Home Technology and InnovationsFood Safety & Regulations FSSAI orders compulsory testing of spice brands across India

FSSAI orders compulsory testing of spice brands across India

by Food Drinks Innovation

The Food Safety and Standards Authority of India (FSSAI) ordered a comprehensive testing of spices from all brands across the nation.

This decision follows the suspension of sales of certain spice blends from two leading brands, MDH and Everest, by Singapore and Hong Kong. The suspension was due to elevated levels of ethylene oxide (ETO), a pesticide unsuitable for human consumption and associated with long-term cancer risks. The regulatory body has directed its officials to carry out thorough inspections, sampling, and testing across all spice manufacturing facilities, particularly emphasising those producing curry powders and mixed spice blends.

Additionally, it has instructed state governments to conduct spice testing to guarantee quality. The FSSAI also intends to initiate surveillance on other food products such as fortified rice and dairy products. In a separate development, India’s Spices Board has mandated ETO testing for all spices exported to Hong Kong and Singapore. This testing comes into effect from May 6, the report stated.

The Board, in a statement, said, “All the spice consignments, including ready-to-eat (RTE) products, destined for Singapore and Hong Kong shall be accompanied with a cleared analytical report for ETO issued by the Spices Board.”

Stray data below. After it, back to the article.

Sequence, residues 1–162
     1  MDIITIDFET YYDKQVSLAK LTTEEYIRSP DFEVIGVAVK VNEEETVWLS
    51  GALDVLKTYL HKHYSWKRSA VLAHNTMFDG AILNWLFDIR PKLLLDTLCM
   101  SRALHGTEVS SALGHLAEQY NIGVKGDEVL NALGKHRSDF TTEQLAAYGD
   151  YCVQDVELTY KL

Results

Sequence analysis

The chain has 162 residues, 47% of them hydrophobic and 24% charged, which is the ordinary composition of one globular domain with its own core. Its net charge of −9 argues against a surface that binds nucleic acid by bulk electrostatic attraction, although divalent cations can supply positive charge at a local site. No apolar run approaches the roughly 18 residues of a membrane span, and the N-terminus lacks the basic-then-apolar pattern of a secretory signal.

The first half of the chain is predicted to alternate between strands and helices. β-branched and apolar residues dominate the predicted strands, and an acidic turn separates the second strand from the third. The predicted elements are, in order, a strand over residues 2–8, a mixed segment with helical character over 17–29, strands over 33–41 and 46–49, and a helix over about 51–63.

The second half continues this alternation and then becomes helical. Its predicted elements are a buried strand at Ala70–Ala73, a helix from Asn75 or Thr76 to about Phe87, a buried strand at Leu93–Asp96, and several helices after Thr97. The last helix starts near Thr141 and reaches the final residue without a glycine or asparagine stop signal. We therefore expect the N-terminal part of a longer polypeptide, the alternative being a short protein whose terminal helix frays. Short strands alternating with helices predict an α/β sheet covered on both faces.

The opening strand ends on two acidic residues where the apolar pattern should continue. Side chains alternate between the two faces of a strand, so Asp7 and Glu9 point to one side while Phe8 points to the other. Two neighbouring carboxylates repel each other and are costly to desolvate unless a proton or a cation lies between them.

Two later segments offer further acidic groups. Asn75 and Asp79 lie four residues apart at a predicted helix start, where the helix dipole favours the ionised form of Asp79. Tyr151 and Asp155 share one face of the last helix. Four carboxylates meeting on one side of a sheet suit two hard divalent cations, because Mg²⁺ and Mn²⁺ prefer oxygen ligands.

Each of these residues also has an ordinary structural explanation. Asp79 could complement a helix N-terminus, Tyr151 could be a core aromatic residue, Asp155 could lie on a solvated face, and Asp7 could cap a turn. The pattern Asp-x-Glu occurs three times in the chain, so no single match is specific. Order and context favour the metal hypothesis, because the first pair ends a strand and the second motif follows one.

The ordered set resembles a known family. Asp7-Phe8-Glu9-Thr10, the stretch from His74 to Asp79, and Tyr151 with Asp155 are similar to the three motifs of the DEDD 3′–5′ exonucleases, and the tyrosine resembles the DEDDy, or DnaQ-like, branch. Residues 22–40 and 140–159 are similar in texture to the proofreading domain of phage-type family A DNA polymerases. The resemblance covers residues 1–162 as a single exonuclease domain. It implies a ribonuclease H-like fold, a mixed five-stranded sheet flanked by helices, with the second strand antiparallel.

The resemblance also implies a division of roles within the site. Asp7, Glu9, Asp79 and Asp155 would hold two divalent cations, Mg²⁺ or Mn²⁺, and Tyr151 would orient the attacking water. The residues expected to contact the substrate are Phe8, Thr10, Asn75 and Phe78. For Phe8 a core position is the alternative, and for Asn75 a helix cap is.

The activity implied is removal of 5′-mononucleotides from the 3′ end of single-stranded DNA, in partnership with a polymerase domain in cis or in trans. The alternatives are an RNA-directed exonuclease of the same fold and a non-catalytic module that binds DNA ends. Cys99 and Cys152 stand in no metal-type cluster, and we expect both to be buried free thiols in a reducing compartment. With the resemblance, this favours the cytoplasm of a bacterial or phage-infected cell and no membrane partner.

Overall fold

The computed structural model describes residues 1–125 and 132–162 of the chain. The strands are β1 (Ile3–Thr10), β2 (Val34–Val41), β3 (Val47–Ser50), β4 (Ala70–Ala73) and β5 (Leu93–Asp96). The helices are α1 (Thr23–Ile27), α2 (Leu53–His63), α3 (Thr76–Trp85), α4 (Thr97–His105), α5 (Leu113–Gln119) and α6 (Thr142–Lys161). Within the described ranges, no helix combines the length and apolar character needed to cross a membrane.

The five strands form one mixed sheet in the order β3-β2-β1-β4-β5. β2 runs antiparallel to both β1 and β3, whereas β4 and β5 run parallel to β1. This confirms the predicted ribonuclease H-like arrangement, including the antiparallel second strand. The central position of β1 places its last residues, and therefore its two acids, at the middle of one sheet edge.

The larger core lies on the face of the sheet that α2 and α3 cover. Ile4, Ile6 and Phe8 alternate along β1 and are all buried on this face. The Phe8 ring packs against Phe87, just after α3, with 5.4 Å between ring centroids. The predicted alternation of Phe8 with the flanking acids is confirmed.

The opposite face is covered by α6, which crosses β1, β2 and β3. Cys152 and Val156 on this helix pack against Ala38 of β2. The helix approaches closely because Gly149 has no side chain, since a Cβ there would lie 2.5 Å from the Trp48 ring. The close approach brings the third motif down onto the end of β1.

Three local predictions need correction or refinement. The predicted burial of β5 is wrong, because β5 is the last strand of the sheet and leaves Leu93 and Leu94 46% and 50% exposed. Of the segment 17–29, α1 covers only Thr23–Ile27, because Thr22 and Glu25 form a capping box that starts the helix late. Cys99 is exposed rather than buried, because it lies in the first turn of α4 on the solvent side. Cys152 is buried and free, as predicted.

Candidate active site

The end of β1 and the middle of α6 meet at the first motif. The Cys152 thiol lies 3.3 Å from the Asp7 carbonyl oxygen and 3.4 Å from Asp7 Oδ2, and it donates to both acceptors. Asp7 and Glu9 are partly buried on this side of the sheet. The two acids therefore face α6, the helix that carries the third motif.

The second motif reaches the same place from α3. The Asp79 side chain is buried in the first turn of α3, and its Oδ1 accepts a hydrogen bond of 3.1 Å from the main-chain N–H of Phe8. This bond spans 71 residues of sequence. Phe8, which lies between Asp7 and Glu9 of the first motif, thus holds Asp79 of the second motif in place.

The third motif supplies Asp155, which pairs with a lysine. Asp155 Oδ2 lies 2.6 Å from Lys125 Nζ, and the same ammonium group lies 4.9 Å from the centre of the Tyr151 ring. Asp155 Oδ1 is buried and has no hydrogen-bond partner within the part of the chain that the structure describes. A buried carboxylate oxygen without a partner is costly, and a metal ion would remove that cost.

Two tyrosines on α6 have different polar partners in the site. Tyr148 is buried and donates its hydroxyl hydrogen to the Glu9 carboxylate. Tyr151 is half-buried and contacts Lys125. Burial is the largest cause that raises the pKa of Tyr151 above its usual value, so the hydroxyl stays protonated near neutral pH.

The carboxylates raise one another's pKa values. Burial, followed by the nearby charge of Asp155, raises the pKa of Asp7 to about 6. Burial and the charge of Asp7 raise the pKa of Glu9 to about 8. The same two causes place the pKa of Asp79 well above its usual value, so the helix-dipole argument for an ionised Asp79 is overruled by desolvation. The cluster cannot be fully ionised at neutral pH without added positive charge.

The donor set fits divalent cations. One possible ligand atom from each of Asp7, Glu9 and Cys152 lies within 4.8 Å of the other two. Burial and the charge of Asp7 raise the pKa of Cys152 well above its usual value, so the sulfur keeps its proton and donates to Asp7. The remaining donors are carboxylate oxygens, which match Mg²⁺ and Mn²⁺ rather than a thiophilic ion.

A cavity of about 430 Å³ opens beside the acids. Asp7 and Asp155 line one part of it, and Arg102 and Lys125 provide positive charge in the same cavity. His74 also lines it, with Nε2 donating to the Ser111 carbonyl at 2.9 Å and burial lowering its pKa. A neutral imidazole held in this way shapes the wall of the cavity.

Despite Indian authorities establishing standards for 30 spices and condiments, export countries such as Hong Kong, Singapore, and the US maintain their own stringent standards compared to those in India.

Last month, Hong Kong suspended sales of three spice blends produced by MDH and one fish curry spice mix by Everest. Singapore, too, issued a recall for the same Everest blend. Over the past six months, the US customs authority has rejected numerous MDH shipments due to salmonella contamination.

Following this, MDH asserted it does not use ETO at any stage of its spice storage, processing, or packaging. Everest stated that all its items undergo rigorous quality control examinations. The company refuted claims of being banned in Singapore and Hong Kong, asserting that the directives were merely for product recall and temporary hold pending further inspection.

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